Identifying the Problem: The First Step in the Regulatory Process


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The regulatory process consists of many stages, but the essential first step is answering the question “what’s the problem?” A thorough regulatory impact analysis should provide evidence that the regulation addresses a significant, systemic problem and trace that problem back to its root cause. A cursory or faulty analysis of the problem prevents regulators from devising an effective solution and considering realistic alternatives.

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Identifying the Problem: The First Step in the Regulatory Process

  1. 1. Identifying the Problem: The First Step in the Regulatory Process Jerry Ellig Senior Research Fellow Mercatus Center at George Mason University Arlington, Virginia USA
  2. 2. Executive Order 12,866 (b) The Principles of Regulation … (1) Each agency shall identify the problem that it intends to address (including, where applicable, the failures of private markets or public institutions that warrant new agency action) as well as assess the significance of that problem. (2) Each agency shall examine whether existing regulations (or other law) have created, or contributed to, the problem that a new regulation is intended to correct …
  3. 3. “If you don’t know where you’re going, any road will take you there.” --George Harrison
  4. 4. Reason #1: Determine whether regulation is necessary USDA catfish regulation Does the problem exist? Is it widespread or minimal? Is the problem likely to persist in the future?
  5. 5. In this case, no problem!
  6. 6. Well-articulated problem DOI bird hunting regulation “Tragedy of the Commons” Declining populations pre-treaty
  7. 7. Reason #2: Understand root cause to develop an effective solution • Standards to Prevent Prison Rape (proposed 2011) • RIA quantifies and monetizes cost to victims • No systematic root cause(s) identified • Advisory commission report consists of anecdotes and “best practice” recommendations • No evidence presented showing that the “best practices” reduce incidence of prison rape where they have been implemented
  8. 8. Good root cause analysis HUD RESPA mortgage disclosure (2008) Problem: Information asymmetry One cause: Poorly-designed GFE disclosures Solution: Revised, market-tested GFE disclosures
  9. 9. Reason #3: Develop alternatives that target the problem FDA proposed animal food rule (2013): $13-17 million benefits, $87-129 million costs Apply to pet food only: $12-15 million benefits, $6-9 million costs
  10. 10. Market failures • Monopoly/market power • Externalities • Public goods • Information asymmetries • Note: These may not be permanent
  11. 11. Failures of public institutions • Prior regulation creates the systemic problem • Lack of clarity or litigation regarding a prior regulation • Inefficient management of public resources or programs • Other levels of government may lack incentives to fix, or may encourage, market failures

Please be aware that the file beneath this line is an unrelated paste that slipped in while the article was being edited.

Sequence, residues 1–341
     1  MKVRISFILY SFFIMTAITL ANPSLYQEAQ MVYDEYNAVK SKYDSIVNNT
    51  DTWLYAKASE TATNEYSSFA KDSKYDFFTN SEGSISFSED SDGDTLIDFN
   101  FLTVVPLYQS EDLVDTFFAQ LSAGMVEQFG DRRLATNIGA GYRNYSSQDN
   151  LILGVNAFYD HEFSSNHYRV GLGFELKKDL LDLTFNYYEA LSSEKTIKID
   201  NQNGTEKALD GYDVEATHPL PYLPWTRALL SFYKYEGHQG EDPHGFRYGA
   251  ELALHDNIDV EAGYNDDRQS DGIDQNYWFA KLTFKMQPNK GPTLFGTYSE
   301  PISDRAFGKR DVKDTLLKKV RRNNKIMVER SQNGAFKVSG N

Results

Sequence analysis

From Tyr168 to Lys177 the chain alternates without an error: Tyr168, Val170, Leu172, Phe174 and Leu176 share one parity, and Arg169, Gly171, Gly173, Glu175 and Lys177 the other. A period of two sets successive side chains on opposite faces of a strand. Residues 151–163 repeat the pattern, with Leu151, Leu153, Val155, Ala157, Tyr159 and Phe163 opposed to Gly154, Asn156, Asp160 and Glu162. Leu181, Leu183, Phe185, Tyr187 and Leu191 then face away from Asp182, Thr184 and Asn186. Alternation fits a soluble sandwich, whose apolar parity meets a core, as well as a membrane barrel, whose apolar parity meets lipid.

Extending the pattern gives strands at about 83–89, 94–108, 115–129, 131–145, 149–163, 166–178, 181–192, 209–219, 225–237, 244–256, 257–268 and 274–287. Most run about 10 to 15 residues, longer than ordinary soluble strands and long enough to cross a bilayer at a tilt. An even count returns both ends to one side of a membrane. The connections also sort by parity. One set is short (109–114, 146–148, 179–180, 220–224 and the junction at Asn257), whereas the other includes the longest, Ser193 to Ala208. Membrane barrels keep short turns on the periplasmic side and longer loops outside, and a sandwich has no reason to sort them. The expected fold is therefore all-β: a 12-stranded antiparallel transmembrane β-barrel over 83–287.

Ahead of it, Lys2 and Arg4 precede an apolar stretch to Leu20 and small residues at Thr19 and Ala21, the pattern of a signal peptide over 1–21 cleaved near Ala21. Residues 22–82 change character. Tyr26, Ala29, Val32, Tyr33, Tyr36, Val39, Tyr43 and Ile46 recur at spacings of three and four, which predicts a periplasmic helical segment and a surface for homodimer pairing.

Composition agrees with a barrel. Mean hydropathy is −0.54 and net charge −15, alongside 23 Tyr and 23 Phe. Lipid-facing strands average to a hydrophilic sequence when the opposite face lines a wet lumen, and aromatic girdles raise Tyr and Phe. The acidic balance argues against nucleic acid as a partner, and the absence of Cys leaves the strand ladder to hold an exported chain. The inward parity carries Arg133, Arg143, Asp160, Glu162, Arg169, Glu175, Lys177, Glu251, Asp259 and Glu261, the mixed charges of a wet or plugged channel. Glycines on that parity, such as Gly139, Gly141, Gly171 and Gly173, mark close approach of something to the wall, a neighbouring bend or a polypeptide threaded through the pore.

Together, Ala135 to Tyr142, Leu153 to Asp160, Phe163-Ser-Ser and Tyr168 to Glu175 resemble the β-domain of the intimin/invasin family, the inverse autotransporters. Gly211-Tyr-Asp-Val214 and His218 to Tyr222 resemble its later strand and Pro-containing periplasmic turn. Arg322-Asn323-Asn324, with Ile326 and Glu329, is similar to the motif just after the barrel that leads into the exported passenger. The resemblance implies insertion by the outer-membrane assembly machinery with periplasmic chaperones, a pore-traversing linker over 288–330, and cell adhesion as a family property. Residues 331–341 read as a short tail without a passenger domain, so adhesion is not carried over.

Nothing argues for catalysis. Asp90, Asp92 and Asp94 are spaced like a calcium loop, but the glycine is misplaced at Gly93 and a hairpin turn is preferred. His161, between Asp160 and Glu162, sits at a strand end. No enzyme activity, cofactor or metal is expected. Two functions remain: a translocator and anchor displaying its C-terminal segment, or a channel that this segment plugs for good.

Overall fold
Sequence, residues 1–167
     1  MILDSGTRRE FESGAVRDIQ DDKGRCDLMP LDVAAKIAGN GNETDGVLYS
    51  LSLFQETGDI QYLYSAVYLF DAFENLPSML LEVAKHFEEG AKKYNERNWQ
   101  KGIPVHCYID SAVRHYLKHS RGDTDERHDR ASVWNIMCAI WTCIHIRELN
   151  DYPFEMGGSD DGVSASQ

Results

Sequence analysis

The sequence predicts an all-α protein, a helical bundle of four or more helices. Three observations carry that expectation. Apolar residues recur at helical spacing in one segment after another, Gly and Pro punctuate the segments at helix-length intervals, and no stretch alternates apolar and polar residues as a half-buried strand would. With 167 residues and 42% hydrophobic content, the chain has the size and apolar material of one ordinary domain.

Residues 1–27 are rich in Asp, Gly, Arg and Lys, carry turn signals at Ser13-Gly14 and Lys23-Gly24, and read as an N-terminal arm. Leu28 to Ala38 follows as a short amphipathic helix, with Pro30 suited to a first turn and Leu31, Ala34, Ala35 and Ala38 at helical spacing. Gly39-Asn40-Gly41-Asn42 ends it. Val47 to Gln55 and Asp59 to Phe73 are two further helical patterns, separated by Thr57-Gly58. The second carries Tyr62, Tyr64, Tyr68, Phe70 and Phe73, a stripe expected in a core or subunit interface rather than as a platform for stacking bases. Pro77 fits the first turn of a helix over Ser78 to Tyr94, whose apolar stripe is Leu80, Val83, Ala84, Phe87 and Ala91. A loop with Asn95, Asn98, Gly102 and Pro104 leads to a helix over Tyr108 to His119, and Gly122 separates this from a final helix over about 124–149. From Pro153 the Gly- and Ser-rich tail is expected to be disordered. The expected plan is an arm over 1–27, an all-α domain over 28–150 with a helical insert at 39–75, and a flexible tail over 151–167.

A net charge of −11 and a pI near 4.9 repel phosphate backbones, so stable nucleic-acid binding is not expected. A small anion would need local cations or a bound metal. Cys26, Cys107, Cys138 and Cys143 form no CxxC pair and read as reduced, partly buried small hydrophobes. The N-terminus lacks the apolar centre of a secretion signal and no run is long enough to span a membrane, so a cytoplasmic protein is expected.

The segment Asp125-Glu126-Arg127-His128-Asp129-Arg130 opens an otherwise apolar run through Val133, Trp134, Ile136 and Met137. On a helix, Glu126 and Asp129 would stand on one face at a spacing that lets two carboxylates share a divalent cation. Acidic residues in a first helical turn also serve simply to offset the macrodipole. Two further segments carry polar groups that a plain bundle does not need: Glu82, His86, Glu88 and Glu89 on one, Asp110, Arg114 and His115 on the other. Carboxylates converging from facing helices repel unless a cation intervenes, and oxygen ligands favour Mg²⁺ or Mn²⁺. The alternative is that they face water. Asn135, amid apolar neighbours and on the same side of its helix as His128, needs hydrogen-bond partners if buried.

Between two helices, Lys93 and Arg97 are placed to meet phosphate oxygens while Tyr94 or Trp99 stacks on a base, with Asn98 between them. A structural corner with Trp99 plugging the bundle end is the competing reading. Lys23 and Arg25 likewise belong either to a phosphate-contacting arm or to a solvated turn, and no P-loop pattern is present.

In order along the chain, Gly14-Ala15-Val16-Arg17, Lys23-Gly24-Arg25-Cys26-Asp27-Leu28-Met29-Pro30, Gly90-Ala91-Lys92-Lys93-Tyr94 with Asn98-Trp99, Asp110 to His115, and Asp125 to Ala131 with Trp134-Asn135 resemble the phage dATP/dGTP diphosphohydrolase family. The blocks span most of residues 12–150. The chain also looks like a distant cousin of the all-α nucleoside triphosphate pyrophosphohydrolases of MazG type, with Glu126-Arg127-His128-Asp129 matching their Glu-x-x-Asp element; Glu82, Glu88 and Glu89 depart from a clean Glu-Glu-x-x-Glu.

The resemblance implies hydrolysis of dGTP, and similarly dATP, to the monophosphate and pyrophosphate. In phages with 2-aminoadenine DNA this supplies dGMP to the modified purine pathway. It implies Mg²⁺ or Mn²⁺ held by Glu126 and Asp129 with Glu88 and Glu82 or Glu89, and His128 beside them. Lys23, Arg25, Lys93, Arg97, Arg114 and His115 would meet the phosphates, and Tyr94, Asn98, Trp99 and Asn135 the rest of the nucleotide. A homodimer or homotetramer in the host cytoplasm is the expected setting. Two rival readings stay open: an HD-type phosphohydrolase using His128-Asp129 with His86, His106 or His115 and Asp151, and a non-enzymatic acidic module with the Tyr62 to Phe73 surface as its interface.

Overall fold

12. 12. Other compelling public need • Fairness/equity • Securing a fundamental right (civil rights, privacy, individual liberty) • Paternalism • Just plain redistribution
  13. 13. OMB Circular A-4 “For other interventions, you should also provide a demonstration of compelling social purpose and the likelihood of effective action. Although intangible rationales do not need to be quantified, the analysis should present and evaluate the strengths and limitations of the relevant arguments for these intangible values.”
  14. 14. 1) Six criteria from E.O. 12866 and Circular A-4 2) Proposed “economically significant” regulations 3) Team of economists 4) Read RIA and entire Federal Register preamble 5) Qualitative evaluation with numerical scores 6) 2008 to present
  15. 15. Evaluation Scale 5 Complete analysis of all or almost all aspects, with one or more “best practices” 4 Reasonably thorough analysis of most aspects and/or shows at least one "best practice" 3 Reasonably thorough analysis of some aspects 2 Some relevant discussion with some documentation of analysis 1 Perfunctory statement with little explanation or documentation 0 Little or no relevant content 6 criteria 0-5 points each
  16. 16. Average Scores by criterion (2008-2012) Criteria Score* Systemic problem 2.1 Alternatives 2.8 Benefits (or other outcomes) 3.2 Costs 2.5 Use of analysis 2.2 Cognizance of net benefits 2.5 * Scores out of 5 possible points
  17. 17. Average Report Card scores, systemic problem
  18. 18. Does the analysis identify a systemic problem?
  19. 19. Coherent and testable theory
  20. 20. Empirical evidence
  21. 21. Uncertainty about existence/extent of problem
  22. 22. Solutions • Include analysis of the systemic problem in any legislative mandate for Regulatory Impact Analysis • Require public comment on agency’s analysis of the problem before the agency writes the proposed regulation • Inquire about this topic when conducting agency oversight • Ensure this analysis is done before passing legislation that mandates a regulation
  23. 23. Why does it matter?